This section of our website is an archive of surfing news from 2004 to 2015

Archive Home Page Archive Beach and Surf Girls


[i]Tuesday 8 November,

Photo courtesy of

Spectators on the beach and those watching the live webcast from the Nova Schin Festival presented by Billabong witnessed one of the most phenomenal acts in surfing and sporting history today when Kelly Slater from Cocoa Beach, Florida, USA claimed an incredible seventh Foster’s ASP Men’s World Tour crown.
[/i]Despite being eliminated in round four of today’s event, by stable-mate Travis Logie (ZAF), all things fell into place for Slater when his only rival for the title, Andy Irons (HAW) was eliminated by Nathan Hedge (AUS) in the quarter finals. In order to keep the title race alive going into Hawaii – with Slater’s early elimination – Irons had to finish at least third in this event.

After a shaky start to the Nova Schin Festival, Slater looked to be back to his best in round three where he defeated wildcard Guilherme Ferriera (BRA) but in the heat against Logie he stalled, falling on a few occasions and perhaps making some wrong decisions regarding wave choice.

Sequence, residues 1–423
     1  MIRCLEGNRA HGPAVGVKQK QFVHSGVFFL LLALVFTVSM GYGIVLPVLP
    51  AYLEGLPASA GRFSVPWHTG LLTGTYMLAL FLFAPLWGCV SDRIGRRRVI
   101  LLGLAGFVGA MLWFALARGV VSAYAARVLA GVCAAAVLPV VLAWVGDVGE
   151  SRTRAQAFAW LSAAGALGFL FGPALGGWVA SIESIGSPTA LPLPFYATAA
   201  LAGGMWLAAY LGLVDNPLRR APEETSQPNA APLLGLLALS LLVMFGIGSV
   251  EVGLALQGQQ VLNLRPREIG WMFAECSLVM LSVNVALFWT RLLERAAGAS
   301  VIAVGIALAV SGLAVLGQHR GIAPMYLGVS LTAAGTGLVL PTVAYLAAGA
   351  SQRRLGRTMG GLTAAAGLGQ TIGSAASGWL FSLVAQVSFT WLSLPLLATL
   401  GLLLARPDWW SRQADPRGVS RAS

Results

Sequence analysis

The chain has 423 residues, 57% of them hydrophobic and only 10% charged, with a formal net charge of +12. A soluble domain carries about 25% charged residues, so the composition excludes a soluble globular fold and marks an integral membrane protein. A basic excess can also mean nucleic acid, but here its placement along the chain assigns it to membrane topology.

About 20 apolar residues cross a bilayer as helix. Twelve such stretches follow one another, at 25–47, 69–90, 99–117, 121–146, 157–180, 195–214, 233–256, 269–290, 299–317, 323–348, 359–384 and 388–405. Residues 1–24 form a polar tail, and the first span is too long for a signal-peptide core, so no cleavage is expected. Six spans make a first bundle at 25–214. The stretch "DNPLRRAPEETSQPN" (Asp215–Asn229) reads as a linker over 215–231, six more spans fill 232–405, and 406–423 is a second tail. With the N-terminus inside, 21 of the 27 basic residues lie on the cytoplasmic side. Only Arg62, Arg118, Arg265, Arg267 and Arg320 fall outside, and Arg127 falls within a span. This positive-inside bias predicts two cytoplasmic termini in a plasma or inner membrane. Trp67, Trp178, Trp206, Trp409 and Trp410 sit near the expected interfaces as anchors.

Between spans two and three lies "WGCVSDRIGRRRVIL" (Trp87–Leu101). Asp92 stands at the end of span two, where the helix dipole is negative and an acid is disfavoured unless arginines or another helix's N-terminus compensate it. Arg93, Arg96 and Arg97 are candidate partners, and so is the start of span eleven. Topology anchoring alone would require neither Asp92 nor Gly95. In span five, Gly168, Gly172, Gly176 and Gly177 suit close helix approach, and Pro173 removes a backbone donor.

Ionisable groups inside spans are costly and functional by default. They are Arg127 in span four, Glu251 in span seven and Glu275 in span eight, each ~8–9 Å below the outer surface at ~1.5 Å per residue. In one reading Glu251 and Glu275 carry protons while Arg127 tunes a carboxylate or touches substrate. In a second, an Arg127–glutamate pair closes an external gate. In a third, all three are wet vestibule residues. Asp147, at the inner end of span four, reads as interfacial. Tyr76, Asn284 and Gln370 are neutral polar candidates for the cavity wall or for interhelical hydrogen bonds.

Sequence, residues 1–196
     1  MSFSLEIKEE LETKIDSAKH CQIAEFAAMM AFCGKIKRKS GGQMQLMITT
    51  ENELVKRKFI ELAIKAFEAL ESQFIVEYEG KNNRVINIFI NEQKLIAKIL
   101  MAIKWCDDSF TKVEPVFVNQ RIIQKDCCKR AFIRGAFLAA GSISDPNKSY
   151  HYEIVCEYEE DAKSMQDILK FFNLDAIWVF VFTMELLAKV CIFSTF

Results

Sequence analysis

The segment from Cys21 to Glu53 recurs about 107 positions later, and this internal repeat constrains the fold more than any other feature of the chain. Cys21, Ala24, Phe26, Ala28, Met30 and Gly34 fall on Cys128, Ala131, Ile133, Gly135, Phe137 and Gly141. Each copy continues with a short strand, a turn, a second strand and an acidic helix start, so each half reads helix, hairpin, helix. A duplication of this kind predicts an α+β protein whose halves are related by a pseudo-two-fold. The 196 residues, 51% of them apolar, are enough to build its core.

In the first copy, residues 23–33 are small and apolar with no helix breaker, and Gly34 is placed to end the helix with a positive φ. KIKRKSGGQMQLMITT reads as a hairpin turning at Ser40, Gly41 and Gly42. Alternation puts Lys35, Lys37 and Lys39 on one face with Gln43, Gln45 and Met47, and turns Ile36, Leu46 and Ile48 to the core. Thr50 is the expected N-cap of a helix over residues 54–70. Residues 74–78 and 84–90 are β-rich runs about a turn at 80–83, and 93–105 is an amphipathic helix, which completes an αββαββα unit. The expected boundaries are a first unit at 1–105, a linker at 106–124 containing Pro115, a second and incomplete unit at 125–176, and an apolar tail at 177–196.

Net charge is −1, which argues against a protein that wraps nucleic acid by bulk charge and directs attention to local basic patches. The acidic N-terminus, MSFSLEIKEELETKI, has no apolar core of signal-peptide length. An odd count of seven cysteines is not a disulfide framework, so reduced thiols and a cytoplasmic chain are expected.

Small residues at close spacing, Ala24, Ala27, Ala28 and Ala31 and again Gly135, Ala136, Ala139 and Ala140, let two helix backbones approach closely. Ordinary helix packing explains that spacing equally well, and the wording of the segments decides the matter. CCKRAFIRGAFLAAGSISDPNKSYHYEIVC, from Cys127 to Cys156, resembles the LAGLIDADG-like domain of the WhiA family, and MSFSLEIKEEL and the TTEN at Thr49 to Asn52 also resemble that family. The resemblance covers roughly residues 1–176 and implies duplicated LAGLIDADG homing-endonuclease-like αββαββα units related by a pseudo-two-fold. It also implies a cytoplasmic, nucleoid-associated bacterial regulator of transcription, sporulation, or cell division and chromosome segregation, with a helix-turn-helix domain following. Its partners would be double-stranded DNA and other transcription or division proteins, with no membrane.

After the heat he admitted being an emotional ball of knots as he felt huge disappointment in himself plus an overwhelming anxiousness. He was about to jump into a car and leave the beach as he couldn’t bear to watch how the Irons/Hedge affair would unfold.

Good friend CJ Hobgood (USA) then talked Slater into returning to watch and with all eyes upon the soon to be champion he joked and looked at ease for the masses of cameras focussed on him recording his reaction.

In the dying stages of the Irons/Hedge encounter he zipped his jacket over his head as the anticipation became unbearable. But as soon as it was confirmed that Irons was eliminated Slater threw his arms in the air and cheered long and hard in tune with the massive crowd who were present to support him.

It was a fantastic year for the 33-year-old as after getting off to a slow start on the first two events on this year’s calendar, he came back with a victory in Tahiti scoring the first perfect 20 out of 20 total in the final.

He claimed that it took him until that victory to revamp his title ambition after narrowly losing his crown in 2003 when Irons came from behind in the last event of the tour at Pipeline.

In 2005 he has claimed four event victories in Tahiti, Fiji, California and South Africa. His battles with Irons in two finals – in Jeffreys Bay where Slater was victor and in Japan where Irons won the silverware – have been noted as being some of the best surfing finals of all time.